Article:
HOW UNIVERSITIES USE BMAT

The BMAT is used differently by every university and we recommend that students take the time to understand exactly how the exam is assessed and how much weight it carries when applying to different medical schools and even setting a BMAT target score. It’s always good to be well-informed, so we have highlighted how different universities weigh the BMAT. Students applying for Oxbridge, UCL and Imperial (amongst others) require the BMAT.

Cambridge interviews more than 90% of students who apply, so the BMAT score isn’t vital for making the interview shortlist. However, it can play a huge role in the final decision- for example, 50% of overall marks for your application may be allocated to the BMAT. Thus, it is essential you find out as much information about the College you’re applying to, especially as the Medicine application process (and the BMAT weighting) is dictated by the individual College.

Oxford typically receives thousands of applications each year and they use the BMAT to shortlist students for interview. Typically, 450 students are invited for interview for 150 places. Thus, if you get offered an interview- you are doing very well! Oxford centralise their short listing process and use an algorithm that uses your % A*s at GCSE along with your BMAT score to rank all their applicants of which the top are invited to interview. BMAT sections 1 + 2 count for 40% each of your BMAT score whilst section 3 counts for 20%. In calculating the Section 3 score, double weighting is ascribed to the score with single weighting given to the Quality of English score.

UCL makes offers based on all components of the application and whilst the BMAT is important there is no magic threshold that you need to meet in order to guarantee an interview. Applications with higher BMAT scores tend to be interviewed earlier in the year.

Lancaster first introduced the BMAT into their application process in 2015. The overall BMAT score for each applicant is calculated by adding the total score from each Section, with a maximum score of 23. However, the Section 3 Quality of English score is not taken into consideration.

Applicants who achieved scores ranging between 9.7-16.4 (average score of 11.8) were invited to interview and students with scores in the 9.7-16.1 range (12.0 average) received offers.

Imperial employs a strict BMAT cut-off for each section of the BMAT. This exact cut-off value changes every year, but in the past has been approximately 4.5 – 5.0 for sections 1 + 2 and 2.5B for section 3. Thus, students who fail to achieve this score are automatically rejected.

Imperial also tend to further sub-divide their cut-off process into four distinct bands, with those in Band 1 being invited to interview first and having a significantly greater applicant to interview ratio. Applying this in numerical terms, historically 90% of applicants with Band 1 BMAT scores are invited to interview, compared to only 7.5% of those meeting the minimum Band 4 cut-off requirement.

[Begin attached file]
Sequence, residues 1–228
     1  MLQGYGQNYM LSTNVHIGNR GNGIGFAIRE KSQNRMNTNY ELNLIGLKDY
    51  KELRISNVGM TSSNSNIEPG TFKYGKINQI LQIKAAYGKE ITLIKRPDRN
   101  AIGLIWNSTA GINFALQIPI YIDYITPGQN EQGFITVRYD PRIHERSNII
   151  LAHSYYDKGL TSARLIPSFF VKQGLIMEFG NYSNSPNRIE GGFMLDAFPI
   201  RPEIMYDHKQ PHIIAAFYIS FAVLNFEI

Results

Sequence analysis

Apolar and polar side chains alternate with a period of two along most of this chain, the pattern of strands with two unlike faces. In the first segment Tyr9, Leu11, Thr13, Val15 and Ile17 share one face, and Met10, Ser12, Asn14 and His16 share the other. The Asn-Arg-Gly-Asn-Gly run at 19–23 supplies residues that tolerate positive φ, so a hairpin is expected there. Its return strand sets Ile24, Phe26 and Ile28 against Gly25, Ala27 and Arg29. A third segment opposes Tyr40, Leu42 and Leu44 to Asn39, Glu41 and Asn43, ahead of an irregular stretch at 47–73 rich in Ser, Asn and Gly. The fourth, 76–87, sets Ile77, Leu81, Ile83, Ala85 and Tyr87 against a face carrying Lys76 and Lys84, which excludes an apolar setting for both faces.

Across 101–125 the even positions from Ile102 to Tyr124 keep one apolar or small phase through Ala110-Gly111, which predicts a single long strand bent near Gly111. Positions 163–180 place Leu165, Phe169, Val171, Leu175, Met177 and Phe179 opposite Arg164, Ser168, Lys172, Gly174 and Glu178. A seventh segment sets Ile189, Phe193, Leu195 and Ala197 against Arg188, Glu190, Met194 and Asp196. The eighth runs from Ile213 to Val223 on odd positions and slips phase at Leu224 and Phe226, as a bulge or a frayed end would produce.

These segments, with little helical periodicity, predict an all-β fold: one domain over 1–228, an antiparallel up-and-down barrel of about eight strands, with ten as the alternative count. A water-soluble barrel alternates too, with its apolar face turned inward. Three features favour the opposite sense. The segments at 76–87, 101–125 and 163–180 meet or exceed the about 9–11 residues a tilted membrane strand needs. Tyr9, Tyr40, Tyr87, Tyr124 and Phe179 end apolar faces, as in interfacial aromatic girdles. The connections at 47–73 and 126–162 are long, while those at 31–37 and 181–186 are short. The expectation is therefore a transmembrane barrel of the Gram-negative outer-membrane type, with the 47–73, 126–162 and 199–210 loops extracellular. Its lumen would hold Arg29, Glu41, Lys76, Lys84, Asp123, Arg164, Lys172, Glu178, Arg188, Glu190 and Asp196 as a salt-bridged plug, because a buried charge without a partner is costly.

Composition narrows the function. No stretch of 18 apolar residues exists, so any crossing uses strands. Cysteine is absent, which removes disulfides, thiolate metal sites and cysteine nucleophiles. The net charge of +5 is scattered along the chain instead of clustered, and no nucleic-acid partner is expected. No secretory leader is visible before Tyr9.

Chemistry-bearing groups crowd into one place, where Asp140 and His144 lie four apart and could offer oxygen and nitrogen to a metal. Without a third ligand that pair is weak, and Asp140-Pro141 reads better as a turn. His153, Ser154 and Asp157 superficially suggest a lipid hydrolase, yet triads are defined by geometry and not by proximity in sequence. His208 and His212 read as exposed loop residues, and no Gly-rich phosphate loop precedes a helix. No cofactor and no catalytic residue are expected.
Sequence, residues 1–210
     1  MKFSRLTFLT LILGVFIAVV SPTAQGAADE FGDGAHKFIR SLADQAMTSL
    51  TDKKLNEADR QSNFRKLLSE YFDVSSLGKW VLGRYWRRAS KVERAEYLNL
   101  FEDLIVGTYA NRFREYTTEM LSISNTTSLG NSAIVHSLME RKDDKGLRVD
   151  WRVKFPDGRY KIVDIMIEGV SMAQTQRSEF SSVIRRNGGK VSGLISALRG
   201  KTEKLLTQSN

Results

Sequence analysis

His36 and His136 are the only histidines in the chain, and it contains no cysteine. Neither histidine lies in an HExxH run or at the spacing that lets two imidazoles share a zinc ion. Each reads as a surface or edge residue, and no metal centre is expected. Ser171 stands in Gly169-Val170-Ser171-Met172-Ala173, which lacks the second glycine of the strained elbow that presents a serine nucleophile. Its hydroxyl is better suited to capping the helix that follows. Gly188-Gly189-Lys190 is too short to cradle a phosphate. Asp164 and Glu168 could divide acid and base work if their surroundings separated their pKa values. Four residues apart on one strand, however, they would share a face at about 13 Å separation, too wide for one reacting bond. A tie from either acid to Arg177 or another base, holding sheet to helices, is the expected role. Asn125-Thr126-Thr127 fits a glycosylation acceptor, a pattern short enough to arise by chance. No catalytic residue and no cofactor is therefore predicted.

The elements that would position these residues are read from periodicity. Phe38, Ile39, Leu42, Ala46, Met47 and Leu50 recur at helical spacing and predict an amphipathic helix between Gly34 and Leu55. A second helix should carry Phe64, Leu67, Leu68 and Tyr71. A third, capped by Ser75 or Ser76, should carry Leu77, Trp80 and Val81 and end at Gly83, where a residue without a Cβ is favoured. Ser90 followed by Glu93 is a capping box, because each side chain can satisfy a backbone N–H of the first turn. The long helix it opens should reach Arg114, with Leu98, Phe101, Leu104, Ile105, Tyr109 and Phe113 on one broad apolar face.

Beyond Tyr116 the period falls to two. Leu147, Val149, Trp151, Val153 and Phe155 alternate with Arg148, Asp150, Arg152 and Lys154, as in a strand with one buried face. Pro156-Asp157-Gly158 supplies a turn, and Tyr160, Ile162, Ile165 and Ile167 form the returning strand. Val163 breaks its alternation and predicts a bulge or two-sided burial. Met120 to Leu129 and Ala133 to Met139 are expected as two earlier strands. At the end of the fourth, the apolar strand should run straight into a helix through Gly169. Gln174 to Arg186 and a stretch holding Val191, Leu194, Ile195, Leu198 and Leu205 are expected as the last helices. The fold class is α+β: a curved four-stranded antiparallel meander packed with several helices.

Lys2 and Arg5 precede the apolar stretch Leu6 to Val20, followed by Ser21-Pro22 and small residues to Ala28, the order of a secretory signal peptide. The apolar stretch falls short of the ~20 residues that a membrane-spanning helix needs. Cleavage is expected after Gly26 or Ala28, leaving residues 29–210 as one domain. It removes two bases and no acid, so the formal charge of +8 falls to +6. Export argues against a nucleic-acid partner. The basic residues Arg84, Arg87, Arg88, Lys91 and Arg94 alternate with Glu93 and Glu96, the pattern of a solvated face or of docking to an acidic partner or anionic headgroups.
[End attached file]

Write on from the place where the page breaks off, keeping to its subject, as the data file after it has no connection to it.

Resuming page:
In 2016 the cut-off BMAT scores to get into Band 1 of the Imperial banding system was as follows:

Band 1
Section 1: 5.4;
Section 2: 5.2;
Section 3: 3.5 and grade B

In 2016 entry to medicine, the cut-off BMAT scores to get into Band 2 of the Imperial banding system is as follows:

Band 2
Section 1: 4.7;
Section 2: 4.7;
Section 3: 3.0 and grade B

The BMAT replaced the UKCAT at Leeds in 2014 and contributes to 15% of your academic score. You will be allocated marks based on your rank in the BMAT, but there is no strict cut-off. Applicants in the top 20% of the BMAT will get the full quota of marks for their application and the bottom 20% will get the lowest possible mark for their application. Thus, you can still get an interview if you perform poorly in the BMAT (it’s just much harder!). Leeds will calculate your BMAT score by attributing 40% to section 1, 40% to section 2 and 20% to section 3. Section 3 score is also taken into consideration during the interview stage. Overall, the weighting of the BMAT is equivalent to 50% of the personal statement weighting and 15% of the academic scoring weighting.

Brighton started using the BMAT in 2015, so little is known about how they use it in their decision-making process, but does have a strict cut-off when considering students suitable for interview. Applicants can score a maximum of 28 points, with Section 3 (10 points) being weighted slightly more than Section 1 and 2 (9 points each).

In 2015 the cut-off score was 15.1 and in 2016 it was 16.0.

International medical applicants are required to take the BMAT, which is used alongside students’ academic performance, personal statement and references in assessing suitability. UK medical applicants are required to take the UKCAT examination.

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